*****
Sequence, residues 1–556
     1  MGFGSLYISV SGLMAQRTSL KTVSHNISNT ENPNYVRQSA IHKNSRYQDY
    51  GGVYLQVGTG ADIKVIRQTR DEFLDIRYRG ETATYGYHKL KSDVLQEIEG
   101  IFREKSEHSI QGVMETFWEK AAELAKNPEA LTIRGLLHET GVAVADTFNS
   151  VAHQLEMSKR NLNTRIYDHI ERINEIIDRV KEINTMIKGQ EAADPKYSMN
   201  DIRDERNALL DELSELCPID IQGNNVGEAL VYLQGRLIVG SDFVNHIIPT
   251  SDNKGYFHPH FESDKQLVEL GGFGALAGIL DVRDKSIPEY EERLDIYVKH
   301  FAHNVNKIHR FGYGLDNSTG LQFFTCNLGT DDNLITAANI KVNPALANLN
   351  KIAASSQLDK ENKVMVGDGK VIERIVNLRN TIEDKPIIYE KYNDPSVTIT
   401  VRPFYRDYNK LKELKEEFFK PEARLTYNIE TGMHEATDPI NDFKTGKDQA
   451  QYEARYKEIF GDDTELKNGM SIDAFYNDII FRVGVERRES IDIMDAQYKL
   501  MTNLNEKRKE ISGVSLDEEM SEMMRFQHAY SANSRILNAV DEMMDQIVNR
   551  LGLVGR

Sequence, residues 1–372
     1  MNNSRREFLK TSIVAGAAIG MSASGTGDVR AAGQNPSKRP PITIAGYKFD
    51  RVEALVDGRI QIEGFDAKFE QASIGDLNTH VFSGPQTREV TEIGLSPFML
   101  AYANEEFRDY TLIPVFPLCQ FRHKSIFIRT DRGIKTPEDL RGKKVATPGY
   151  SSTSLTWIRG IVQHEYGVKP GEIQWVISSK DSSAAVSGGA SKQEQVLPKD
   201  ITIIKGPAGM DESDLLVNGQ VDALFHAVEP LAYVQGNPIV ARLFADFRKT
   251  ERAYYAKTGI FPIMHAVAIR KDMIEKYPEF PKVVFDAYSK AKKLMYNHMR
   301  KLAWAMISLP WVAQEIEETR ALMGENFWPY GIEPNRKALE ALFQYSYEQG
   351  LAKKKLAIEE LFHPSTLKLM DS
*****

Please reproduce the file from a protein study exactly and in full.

Sequence, residues 1–556
     1  MGFGSLYISV SGLMAQRTSL KTVSHNISNT ENPNYVRQSA IHKNSRYQDY
    51  GGVYLQVGTG ADIKVIRQTR DEFLDIRYRG ETATYGYHKL KSDVLQEIEG
   101  IFREKSEHSI QGVMETFWEK AAELAKNPEA LTIRGLLHET GVAVADTFNS
   151  VAHQLEMSKR NLNTRIYDHI ERINEIIDRV KEINTMIKGQ EAADPKYSMN
   201  DIRDERNALL DELSELCPID IQGNNVGEAL VYLQGRLIVG SDFVNHIIPT
   251  SDNKGYFHPH FESDKQLVEL GGFGALAGIL DVRDKSIPEY EERLDIYVKH
   301  FAHNVNKIHR FGYGLDNSTG LQFFTCNLGT DDNLITAANI KVNPALANLN
   351  KIAASSQLDK ENKVMVGDGK VIERIVNLRN TIEDKPIIYE KYNDPSVTIT
   401  VRPFYRDYNK LKELKEEFFK PEARLTYNIE TGMHEATDPI NDFKTGKDQA
   451  QYEARYKEIF GDDTELKNGM SIDAFYNDII FRVGVERRES IDIMDAQYKL
   501  MTNLNEKRKE ISGVSLDEEM SEMMRFQHAY SANSRILNAV DEMMDQIVNR
   551  LGLVGR

Sequence, residues 1–372
     1  MNNSRREFLK TSIVAGAAIG MSASGTGDVR AAGQNPSKRP PITIAGYKFD
    51  RVEALVDGRI QIEGFDAKFE QASIGDLNTH VFSGPQTREV TEIGLSPFML
   101  AYANEEFRDY TLIPVFPLCQ FRHKSIFIRT DRGIKTPEDL RGKKVATPGY
   151  SSTSLTWIRG IVQHEYGVKP GEIQWVISSK DSSAAVSGGA SKQEQVLPKD
   201  ITIIKGPAGM DESDLLVNGQ VDALFHAVEP LAYVQGNPIV ARLFADFRKT
   251  ERAYYAKTGI FPIMHAVAIR KDMIEKYPEF PKVVFDAYSK AKKLMYNHMR
   301  KLAWAMISLP WVAQEIEETR ALMGENFWPY GIEPNRKALE ALFQYSYEQG
   351  LAKKKLAIEE LFHPSTLKLM DS